Review: Larisa

Elem Klimov’s grief-stricken elegy Larisa examines the life of his late wife.


Elem Klimov’s grief-stricken elegy Larisa examines the life of his late wife—the film director Larisa Shepitko—through a series of direct-address interviews and photomontages, set against a mournful visual-musical backdrop. Typically, Klimov films his subjects (which include himself and several of Shepitko’s collaborators) within a stark, snow-covered forest, its tangled web of trees standing in as metaphorical representation of a perhaps inexpressible suffering, the result of Shepitko’s premature death while filming her adaptation of Valentin Rasputin’s novella Farewell to Matyora. Interweaving home-movie footage with sequences from Shepitko’s work (Maya Bulgakova’s pensive plane crash reminiscence from Wings takes on several new layers of resonance in this context), Larisa’s most powerful passage is its first: accompanied by the grandiose final music cue from Shepitko’s You and I, Klimov dissolves between a series of personal photographs that encompass Larisa’s entire life, from birth to death. This brief symphony of sorrow anticipates the cathartic reverse-motion climax of Klimov’s Come and See, though by placing the scene first within Larisa’s chronology, Klimov seems to be working against catharsis. The pain is clearly fresh, the wound still festering, and Klimov wants—above all—to capture how deep misery’s knife has cut.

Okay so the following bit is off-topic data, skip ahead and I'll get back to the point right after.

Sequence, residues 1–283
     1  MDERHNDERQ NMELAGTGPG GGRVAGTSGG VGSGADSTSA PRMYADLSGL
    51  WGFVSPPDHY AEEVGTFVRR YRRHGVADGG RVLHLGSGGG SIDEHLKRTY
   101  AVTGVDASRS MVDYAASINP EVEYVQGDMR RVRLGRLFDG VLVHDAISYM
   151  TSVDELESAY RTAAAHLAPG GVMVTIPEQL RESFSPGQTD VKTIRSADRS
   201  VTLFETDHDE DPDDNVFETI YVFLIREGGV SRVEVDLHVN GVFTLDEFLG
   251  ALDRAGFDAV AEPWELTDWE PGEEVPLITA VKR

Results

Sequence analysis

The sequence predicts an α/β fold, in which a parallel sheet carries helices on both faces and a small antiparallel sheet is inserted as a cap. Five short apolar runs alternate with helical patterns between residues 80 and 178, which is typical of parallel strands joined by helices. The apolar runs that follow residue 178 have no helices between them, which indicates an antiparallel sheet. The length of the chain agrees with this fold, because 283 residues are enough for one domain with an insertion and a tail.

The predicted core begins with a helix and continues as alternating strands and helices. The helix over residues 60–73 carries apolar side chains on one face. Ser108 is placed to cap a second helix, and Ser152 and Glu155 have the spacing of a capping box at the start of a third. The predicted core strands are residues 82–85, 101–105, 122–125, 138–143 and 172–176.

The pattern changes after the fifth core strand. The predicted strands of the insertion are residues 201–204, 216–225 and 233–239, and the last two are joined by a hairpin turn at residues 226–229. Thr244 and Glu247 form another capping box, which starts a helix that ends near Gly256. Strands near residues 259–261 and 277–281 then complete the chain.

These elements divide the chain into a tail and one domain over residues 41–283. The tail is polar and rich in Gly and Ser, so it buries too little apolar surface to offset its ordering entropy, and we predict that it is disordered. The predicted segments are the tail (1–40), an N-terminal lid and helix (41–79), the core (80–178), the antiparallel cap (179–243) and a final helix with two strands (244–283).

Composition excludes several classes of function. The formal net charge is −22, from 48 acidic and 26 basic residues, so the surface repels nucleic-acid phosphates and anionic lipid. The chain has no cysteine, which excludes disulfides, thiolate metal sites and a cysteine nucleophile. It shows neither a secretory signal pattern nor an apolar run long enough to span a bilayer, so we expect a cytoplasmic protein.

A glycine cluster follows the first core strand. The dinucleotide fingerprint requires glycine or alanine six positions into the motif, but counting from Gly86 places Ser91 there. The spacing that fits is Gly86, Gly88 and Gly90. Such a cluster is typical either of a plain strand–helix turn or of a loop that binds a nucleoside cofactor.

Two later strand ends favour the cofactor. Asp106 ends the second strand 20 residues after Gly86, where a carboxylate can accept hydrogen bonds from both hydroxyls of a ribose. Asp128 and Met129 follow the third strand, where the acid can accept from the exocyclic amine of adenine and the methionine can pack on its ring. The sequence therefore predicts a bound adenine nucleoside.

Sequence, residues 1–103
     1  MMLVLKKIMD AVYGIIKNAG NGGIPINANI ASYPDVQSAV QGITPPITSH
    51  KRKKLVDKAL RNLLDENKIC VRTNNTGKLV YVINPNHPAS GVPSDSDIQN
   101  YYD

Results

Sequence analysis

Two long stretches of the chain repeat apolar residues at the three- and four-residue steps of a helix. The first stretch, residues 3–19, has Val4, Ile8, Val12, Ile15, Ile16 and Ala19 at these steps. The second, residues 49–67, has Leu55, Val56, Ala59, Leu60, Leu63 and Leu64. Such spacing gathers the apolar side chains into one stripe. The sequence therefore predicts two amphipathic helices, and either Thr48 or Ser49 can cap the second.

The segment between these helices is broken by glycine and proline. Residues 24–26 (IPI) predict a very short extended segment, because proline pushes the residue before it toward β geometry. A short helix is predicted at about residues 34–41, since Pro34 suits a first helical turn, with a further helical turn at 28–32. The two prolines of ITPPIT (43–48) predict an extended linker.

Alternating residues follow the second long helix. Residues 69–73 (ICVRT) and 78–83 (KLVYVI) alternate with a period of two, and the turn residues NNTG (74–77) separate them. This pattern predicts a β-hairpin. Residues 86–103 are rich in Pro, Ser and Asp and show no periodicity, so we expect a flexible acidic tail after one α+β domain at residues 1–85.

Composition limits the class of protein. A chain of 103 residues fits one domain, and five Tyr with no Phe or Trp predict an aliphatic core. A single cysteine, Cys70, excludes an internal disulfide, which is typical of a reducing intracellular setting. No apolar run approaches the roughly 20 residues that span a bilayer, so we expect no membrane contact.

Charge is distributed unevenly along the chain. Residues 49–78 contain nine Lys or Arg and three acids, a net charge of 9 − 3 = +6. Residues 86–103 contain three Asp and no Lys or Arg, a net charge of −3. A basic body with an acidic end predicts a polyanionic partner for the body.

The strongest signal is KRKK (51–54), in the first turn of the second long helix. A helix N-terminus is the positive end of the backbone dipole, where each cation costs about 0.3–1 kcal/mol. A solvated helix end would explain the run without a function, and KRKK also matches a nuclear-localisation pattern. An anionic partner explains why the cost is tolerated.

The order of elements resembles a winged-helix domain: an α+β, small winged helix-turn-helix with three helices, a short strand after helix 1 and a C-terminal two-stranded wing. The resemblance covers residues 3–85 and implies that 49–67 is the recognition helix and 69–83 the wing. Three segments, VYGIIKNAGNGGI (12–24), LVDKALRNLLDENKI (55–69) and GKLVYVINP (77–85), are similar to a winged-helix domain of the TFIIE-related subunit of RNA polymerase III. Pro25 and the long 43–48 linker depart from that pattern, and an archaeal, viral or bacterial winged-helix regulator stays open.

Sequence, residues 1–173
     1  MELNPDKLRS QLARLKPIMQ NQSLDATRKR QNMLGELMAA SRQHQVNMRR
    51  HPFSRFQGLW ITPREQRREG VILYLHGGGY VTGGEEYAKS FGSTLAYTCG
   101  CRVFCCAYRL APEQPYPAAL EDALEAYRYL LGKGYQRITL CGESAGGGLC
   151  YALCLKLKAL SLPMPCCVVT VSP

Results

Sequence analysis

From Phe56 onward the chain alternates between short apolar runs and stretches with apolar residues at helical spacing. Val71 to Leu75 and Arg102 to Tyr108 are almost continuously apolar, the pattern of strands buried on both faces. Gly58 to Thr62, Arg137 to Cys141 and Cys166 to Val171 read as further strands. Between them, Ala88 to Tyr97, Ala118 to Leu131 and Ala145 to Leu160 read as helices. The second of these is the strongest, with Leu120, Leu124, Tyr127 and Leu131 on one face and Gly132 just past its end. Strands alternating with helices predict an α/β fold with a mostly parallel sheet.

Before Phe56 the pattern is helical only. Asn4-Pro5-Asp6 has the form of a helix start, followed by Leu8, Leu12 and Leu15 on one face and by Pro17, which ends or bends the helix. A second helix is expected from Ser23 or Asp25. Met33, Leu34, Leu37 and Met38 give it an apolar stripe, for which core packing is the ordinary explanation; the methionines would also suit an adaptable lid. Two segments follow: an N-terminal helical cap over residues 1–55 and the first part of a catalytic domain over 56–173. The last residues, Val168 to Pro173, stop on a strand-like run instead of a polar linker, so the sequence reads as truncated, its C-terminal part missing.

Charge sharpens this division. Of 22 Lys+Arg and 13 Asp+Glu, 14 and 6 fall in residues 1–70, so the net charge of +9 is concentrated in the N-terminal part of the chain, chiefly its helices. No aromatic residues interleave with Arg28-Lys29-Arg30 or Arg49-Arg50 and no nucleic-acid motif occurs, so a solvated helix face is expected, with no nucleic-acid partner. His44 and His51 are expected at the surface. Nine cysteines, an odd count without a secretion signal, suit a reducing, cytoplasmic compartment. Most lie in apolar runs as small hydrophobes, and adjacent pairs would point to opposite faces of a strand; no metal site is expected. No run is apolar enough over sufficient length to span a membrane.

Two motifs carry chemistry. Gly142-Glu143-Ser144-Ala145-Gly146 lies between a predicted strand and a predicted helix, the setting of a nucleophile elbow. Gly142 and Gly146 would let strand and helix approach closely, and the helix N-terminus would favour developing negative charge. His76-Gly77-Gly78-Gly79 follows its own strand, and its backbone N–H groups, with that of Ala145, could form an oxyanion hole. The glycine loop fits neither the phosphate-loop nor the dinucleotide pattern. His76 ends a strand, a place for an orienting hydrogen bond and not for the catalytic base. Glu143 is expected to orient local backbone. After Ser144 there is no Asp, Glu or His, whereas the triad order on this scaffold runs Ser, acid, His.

Director: Elem Klimov  Running Time: 25 min  Rating: NR  Year: 1980

Keith Uhlich

Keith Uhlich is a writer living in Brooklyn. His work has been published in The Hollywood Reporter, BBC, and Reverse Shot, among other publications. He is a member of the New York Film Critics Circle.

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